A Comparison of In-Amphorae Winemaking to Barrels/Barriques in Chardonnay Wine

Despite being an ancient technique that was abandoned thanks to inefficiencies in wine quality, the use of amphorae in winemaking has seen a resurgence. Historically, due to the high porosity of the earthenware material, amphorae often yielded wines that were exposed to too much oxygen during storage, so other ingredients such as honey and spices were added to make the wine more palatable. It is for this reason, and for the advancements of new

Photo courtesy Flickr user David Sivyer

technologies in wine storage (read: barrels and barriques), that amphorae use had died out (at least in Italy).

This modern resurgence in amphorae use in winemaking, according to peer-reviewed research, is due to the desire of winemakers to “rediscover” old winemaking techniques and traditions, and to reinvigorate what had been lost for many centuries. While the historical use of amphorae in winemaking is well-known, there hasn’t been too much in terms of scientific research on the quality of wine made from this type of storage system.

A study published in April 2017 in the journal Scientia Agriculturae Bohemica, aimed to perform a comparison of Chardonnay wine quality in wines made in-amphorae, barrels, and barriques, adding to the limited scientific knowledge that exists on the topic.

Brief Methods

Chardonnay grapes were harvested in 2014 from a single vineyard in S. Venanzio di Fossombrone, Italy.  80q of grapes were split into three treatments: amphorae (2, 225L each), barrels (2, 2000L each, non-toasted), and barriques (3, 225L each, toasted).

Quality (chemical and sensory) characteristics of the grapes/musts/wines were analyzed for the first 6 months of the winemaking process. The winemaking processes are described below (I left out some details for space considerations, so just ask if you need more information).

Amphorae winemaking: 8q of grapes were selected, destemmed, and manually placed into 2 amphorae. Grapes were then inoculated with Saccharomyces cerevisiae yeast. A cap of brushed cotton was placed on the top of the vessels during fermentation, to allow gases to escape while keeping contaminants out.

After alcoholic fermentation was complete, malolactic fermentation was started by inoculating with Oenococcus oeni. After malolactic fermentation was complete, dry ice was placed on top of the pomace and then the amphorae were sealed. In-amphorae maceration occurred until March of 2015 (roughly 6 months after harvest).

The pomace cap when the removed using a pump, and the wine was transferred to a stainless-steel tank until bottling (about 2 months later).

Barrels and Barriques winemaking: 70q of grapes were split up between the 2 barrels and 3 barriques. The grapes were destemmed, crushed, and cooled up to 10oC. Cooled grapes were then pressed using a pneumatic press until the wine-to-grape yield was about 72% and the juice transferred to a stainless-steel tank.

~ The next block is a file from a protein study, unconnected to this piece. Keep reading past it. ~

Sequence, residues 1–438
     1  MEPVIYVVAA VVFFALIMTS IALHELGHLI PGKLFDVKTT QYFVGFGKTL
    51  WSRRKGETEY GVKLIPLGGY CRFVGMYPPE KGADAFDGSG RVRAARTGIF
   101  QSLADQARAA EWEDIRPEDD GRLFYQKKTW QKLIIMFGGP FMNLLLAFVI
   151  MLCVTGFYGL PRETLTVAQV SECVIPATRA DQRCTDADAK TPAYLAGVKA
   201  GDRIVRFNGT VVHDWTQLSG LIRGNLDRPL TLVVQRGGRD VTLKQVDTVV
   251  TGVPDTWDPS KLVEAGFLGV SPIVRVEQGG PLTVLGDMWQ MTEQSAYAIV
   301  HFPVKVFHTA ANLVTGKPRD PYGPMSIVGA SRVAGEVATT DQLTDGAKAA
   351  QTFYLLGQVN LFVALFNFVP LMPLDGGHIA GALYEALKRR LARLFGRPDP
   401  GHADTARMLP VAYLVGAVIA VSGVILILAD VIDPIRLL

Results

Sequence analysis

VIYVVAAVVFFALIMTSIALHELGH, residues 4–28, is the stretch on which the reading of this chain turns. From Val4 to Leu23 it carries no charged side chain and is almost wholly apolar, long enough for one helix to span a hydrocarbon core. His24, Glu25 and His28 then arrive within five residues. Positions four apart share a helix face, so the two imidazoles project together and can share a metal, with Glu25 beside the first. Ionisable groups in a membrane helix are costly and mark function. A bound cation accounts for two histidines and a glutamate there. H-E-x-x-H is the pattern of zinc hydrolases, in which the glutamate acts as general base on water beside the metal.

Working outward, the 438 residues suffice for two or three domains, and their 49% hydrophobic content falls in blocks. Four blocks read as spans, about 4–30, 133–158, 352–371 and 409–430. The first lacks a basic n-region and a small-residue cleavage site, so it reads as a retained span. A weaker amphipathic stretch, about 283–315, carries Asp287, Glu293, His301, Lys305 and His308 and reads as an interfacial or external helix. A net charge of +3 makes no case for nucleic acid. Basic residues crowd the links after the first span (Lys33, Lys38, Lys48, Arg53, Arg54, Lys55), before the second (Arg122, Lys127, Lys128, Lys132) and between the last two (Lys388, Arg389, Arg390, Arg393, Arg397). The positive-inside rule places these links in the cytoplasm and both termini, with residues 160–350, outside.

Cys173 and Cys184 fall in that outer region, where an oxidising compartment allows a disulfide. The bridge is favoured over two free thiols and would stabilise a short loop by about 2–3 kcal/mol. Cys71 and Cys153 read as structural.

Photo copyright R. Yeamans-Irwin (2017)

The juice was inoculated in the tank with Saccharomyces cerevisiae, and then transferred to either barrels or barriques for alcoholic fermentation. After alcoholic fermentation was complete, malolactic fermentation was started by inoculating with Oenococcus oeni.

Bâtonnage (stirring of the lees) was performed once per week for 3 months, and then one every two weeks for the next 2 months. Wine remained in the barrels/barriques until May 2015 (roughly 8 months after harvest).  At this time, wine was transferred to stainless-steel tanks and later filtered and bottled.

Chemical analysis of the grapes occurred at maturation and at harvest (Brix/sugar, titratable acidity, malic acid, and pH).

Chemical analysis of the wines occurred a couple of weeks, 3 months, 5 months, and 6 months after harvest (alcohol content, total sulfur dioxide, titratable acidity, volatile acidity, pH, malic acid, lactic acid, and dry extract).

Sensory analysis was performed by a trained panel of 12 judges who were professors, researchers, and/or students. Panelists identified the sensory descriptors via a round table method, and then evaluated each of the three wines for these descriptors via a 4-point intensity scale (0 = no detected to 4 = highest intensity). Panelist also performed an overall judgment of each wine.

Selected Results

  • Chemical analysis of the Chardonnay grapes at harvest resulted in the following values: 21.9oBrix sugar content, 7.60g/L titratable acidity, 2.25g/L malic acid, and 3.17 pH.
  • Only the dry extract and volatile acidity were statistically significantly different between the different wines (though there were some value differences that didn’t quite make it to statistical significance).
    • The researchers confirmed the higher dry extract in amphorae wines was due to the pomace cap maceration process.
  • The amphorae wines showed higher volatile acidity, straw color, and perception of tannin compared to the barrel and barrique wines.
  • Barrel and barrique wines showed higher vanilla flavor than amphorae wines.
  • Amphorae wines showed lower titratable acidity than the barrel or barrique wines (not statistically significant).
  • Volatile acidity was higher in barrique wines than barrel wines.
  • Malolactic fermentation was complete much faster in amphorae wines than barrel or barrique wines.
    • This again, according to the researchers, might be explained by the pomace cap, since there might have been wild lactic acid bacteria present, thus helping the process along faster than without the extra bacteria.